The Arch and the Butterfly
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A moving novel of identity, extremism, culture and generational change set in modern-day Morocco.
earth-shattering deal, Al-Firsiwi bought the city’s only petrol station (manually pumped), the Al-Ghali mansion, Qatirah’s house, and seven rundown houses in the Hufra, Tazka and Khaybar quarters. He was paving the way for his rural kin to enter the city as conquerors. Barely a year had passed before the Idrissis and those referred to as the wealthy burghers of Fes – traders in cloth, foodstuffs and grain – had become mere servants in the nouveau-riche network led by Mohammed al-Firsiwi.
a century with the same woman– my wife, Bahia Mahdi, who I had met one winter morning in the 1970s, married the same evening, and realised before midnight that I had made a fatal, and irreversible, mistake. Before I lost my sense of smell, I could tell important details about the life of every woman I met based solely on the mix of scents I picked up. I could pinpoint her ambivalences, and their gradations. I would, for example, know roughly her age and the colour of her skin, the cosmetics she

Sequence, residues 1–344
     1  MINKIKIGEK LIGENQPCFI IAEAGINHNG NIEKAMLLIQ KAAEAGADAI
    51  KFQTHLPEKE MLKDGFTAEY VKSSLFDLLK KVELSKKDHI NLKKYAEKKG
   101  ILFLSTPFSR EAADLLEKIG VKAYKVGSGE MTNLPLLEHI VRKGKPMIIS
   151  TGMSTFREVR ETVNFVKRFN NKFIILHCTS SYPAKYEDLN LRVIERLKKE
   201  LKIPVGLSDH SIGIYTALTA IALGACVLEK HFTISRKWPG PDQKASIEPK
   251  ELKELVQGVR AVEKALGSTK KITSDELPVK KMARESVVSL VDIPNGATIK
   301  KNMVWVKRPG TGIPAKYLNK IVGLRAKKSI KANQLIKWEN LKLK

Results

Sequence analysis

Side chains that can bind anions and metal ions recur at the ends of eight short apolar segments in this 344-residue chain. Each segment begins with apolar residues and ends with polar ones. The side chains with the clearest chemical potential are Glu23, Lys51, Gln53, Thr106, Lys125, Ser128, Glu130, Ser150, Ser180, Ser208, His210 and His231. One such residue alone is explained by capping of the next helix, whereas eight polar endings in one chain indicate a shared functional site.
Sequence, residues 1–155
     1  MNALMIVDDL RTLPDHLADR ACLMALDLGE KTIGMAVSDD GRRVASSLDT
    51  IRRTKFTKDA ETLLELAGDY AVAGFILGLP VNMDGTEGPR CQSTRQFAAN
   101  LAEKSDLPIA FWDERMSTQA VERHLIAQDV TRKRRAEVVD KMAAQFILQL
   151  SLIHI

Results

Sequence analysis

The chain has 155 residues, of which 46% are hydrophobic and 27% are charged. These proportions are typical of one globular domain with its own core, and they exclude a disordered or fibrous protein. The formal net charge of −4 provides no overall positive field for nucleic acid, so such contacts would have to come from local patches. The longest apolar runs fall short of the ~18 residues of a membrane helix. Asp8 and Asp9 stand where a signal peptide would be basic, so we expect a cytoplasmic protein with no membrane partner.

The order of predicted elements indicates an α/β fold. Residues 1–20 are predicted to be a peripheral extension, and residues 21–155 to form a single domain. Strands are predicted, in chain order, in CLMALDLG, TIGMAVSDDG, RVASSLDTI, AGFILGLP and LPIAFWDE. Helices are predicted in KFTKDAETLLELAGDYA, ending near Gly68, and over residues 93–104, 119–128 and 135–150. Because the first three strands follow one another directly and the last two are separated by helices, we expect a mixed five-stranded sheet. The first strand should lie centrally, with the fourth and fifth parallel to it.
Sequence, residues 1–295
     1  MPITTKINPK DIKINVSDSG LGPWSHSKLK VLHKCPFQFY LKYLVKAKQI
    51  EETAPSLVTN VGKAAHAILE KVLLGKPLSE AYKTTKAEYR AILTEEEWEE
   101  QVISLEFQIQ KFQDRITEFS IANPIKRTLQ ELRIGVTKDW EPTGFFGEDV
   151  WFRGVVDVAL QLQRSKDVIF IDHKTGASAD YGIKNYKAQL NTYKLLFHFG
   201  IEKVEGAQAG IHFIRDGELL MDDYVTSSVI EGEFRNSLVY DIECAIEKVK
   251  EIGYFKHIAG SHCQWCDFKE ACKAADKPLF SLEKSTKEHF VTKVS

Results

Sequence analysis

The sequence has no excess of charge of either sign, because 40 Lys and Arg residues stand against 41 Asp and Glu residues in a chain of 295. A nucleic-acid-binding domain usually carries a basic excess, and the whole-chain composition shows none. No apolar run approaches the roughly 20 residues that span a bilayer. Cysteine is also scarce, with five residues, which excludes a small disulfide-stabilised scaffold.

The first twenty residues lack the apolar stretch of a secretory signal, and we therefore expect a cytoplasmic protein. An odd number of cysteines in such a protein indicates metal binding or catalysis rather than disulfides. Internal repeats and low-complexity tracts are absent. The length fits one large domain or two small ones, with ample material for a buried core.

Yacine laughed and asked me, ‘And the arch? Do you think it could save the toiling masses?’ ‘Yes, it would.’ ‘From what?’ ‘From getting used to killing imagination.’ He said, ‘You’re joking. The arch would only redeem a minor thing of concern to you, nothing else.’ Fatima arrived and Yacine withdrew, leaving a cruel sentence hanging in my mouth. She might have noticed its effect on my face, for she asked, ‘Are you just emerging from the heat of battle?’ ‘No, not at all. I was only arguing
I, which razed many of your cities. Consider the creative fertilisation between intersecting ruins. ‘German prisoners of war, among them Hans Roeder, my wife Diotima’s grandfather, excavated Walili from the bowels of the earth with the help of the local inhabitants of this mountain, descendants, most certainly, of extinct Roman lines. All that matters is genealogy. All the destruction and the extinction that befall civilisations do not matter, as long as there are descendants to one day remove
times to the present. ‘During the times of Severus, the district of the public buildings and the temple, in other words the Capitol, dedicated to the divine trinity of Jupiter, Juno and Minerva, was added to the city, as were the courthouse and the public plaza. ‘Watch your step. I apologise for drawing your attention to things I do not seem qualified to help you with, but the warning is mentioned in the guidebook. In other words, it is part of my responsibility. ‘We have arrived at the